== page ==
Mararoa River, Willow Clearance ; Mouat, Stewart; 1970-1980; CWA.042.1


Mararoa River, Willow Clearance

About this object

This collection of photos is labelled "Mararoa River Willow Clearance" but no exact date was given. The donors believed it could have been from the early 2000's, but were unsure. However, I noted the name 'Carran Scott Contracting' on the diggers, and they say they started business in 1998, so I have contacted them for more information on this job, and I also saw there was a ute in the forefront of one of the photos with the company logo of Landward Management and their website claims, "Ray Macleod, the Manager of Landward founded the company fourteen years ago," so this would mean that this river clearance was completed sometime after 2008. On further discussions with Ray Macleod of Landward, who has been extremely helpful and interested in this historical archive project, he informs us that, “Graeme Franklyn was working on that project and that was his car at the time. He thinks it was around 2007 and that was an open day, part of a wider inspection/familiarisation tour organised by Southland Regional Council. We were representing Land Information New Zealand, which also had staff present.” He goes on to say, “In 1975 I was a young engineer working for New Zealand Electricity and I was allocated the project clear the river of willows. To do with the Manapouri scheme and river flow being impacted by willows and riverbed gradient changes. Anyway, I left that year and didn't do the work.” But thanks to Ray for updating us with more information on the story.

And on even further looking into river willow clearances in Murihiku Southland, an Environment Southland report from 2 August 2013, tells us that these river willow clearances had been completed by 2011, with the following information:
"The Mararoa River is a medium-sized river with a confined single braid and open semi-braided channel form that flows into the Waiau River immediately upstream of the Manapouri Lake control structure. The section river below Weir Road has been highly modified as part of control of Lake Manapouri for hydroelectric generation. Above Weir Road the river has been the subject of a major willow clearance project that extends to the SH 94 Key Bridge. Since completion of the clearance project in 2011, dynamic river processes are occurring as the river re-establishes a natural intactness.”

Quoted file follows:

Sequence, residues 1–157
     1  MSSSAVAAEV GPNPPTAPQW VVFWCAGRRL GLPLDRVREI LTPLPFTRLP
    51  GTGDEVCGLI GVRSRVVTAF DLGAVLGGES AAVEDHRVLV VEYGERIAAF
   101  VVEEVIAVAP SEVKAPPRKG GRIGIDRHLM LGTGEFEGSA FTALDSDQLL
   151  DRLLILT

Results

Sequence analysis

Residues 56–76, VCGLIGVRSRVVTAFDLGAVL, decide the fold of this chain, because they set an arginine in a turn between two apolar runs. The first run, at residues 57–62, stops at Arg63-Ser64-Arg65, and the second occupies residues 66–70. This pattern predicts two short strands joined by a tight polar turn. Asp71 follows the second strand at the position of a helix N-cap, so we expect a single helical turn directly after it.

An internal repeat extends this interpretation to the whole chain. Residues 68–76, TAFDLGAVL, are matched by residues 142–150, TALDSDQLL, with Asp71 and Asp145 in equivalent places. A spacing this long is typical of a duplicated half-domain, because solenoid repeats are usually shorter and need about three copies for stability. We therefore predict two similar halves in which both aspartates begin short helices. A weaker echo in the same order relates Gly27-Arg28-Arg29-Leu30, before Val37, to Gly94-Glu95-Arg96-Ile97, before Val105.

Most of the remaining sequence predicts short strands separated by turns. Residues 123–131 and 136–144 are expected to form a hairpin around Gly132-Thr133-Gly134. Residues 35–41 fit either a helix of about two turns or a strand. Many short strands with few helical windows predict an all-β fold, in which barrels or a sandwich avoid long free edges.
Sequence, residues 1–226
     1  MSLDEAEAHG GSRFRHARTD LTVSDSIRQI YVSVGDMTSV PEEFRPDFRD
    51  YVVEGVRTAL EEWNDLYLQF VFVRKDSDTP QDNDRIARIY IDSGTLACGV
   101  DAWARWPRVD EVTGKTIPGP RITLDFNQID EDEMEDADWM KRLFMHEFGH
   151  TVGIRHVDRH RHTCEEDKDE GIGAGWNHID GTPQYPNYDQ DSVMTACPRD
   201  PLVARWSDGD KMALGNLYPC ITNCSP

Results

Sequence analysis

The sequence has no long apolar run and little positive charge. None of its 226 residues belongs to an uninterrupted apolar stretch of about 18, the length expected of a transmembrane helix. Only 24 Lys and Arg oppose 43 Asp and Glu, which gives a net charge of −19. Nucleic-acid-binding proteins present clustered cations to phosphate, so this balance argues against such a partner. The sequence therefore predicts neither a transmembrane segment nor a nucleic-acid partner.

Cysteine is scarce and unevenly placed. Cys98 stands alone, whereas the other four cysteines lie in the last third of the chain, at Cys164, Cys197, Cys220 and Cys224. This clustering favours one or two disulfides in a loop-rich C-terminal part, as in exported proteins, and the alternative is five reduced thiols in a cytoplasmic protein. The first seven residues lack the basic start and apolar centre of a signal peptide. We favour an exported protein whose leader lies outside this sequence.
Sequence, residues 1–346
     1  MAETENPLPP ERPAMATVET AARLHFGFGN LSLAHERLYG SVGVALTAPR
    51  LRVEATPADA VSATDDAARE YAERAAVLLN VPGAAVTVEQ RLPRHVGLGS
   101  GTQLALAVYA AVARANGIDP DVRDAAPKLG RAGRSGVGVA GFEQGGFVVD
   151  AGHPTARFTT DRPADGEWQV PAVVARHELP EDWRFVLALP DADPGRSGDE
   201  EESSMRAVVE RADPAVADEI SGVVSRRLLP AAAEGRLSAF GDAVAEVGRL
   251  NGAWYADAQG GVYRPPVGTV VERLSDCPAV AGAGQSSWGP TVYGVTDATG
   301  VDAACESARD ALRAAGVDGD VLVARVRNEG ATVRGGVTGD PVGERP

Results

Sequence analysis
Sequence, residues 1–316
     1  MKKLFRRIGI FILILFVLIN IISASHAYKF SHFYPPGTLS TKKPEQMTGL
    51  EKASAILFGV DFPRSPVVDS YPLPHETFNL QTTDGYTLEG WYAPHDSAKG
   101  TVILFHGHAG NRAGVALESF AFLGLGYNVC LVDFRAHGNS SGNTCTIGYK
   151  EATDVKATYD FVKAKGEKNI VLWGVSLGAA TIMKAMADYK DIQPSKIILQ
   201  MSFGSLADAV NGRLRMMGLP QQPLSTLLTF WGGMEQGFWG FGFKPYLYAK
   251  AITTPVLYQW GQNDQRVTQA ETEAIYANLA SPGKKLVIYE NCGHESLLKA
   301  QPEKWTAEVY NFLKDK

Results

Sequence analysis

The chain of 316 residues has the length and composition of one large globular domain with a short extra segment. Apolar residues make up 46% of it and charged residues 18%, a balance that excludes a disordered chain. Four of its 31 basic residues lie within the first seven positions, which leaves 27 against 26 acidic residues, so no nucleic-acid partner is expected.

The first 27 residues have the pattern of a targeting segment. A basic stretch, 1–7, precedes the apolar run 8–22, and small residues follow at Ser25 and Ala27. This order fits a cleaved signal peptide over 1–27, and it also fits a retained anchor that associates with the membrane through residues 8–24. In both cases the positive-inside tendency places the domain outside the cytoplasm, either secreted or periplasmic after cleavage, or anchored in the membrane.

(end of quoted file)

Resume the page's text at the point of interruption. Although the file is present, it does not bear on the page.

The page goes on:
Title of report quoted is: Managing Unwanted Vegetation in Southland Rivers - › about-us › documents

On another note, it was claimed in 2017 in a Stuff article, by the NZ Federation of Freshwater Anglers, that the willow clearances have led to a decline in trout numbers, as this removed the shading of the trees for the fish. They said: "Agriculture was not only culprit identified by the federation. Removal of willow trees shading was blamed for decline in fisheries values in the Upukerora and Whitestone rivers near Te Anau." So it seems the willow clearances have had both a positive effect on the one hand, with a more detrimental effect for some on the other hand.

If you or anyone you know has any more photos, information or accounts of the Mararoa Willow Clearances during the years, please do share these in the comments section. You can do this by making a comment in the space provided under the image page. And please let us know if you have more records to add, they will add the history. Similarly if you were there when these photos were taken and can add more to the story contained above, please let us know, thank you!

Place Made

Mararoa, Monowai & Manapōuri, Western Southland (Murihiku), Aotearoa New Zealand

Place Notes

See more about the Willow Clearances on the Mararoa River here:


Mouat, Stewart

Maker Role


Date Made


Series Title

Western Southland





Object Type

coloured print

Subject and Association Keywords


Subject and Association Keywords


Subject and Association Keywords


Subject and Association Keywords

Machinery & Equipment

Subject and Association Keywords

Fishing & Game

Subject and Association Keywords


Medium and Materials

Digital image of original only

Named Collection

Mouat Family Collection

Object number



Attribution (cc) Attribution (cc)


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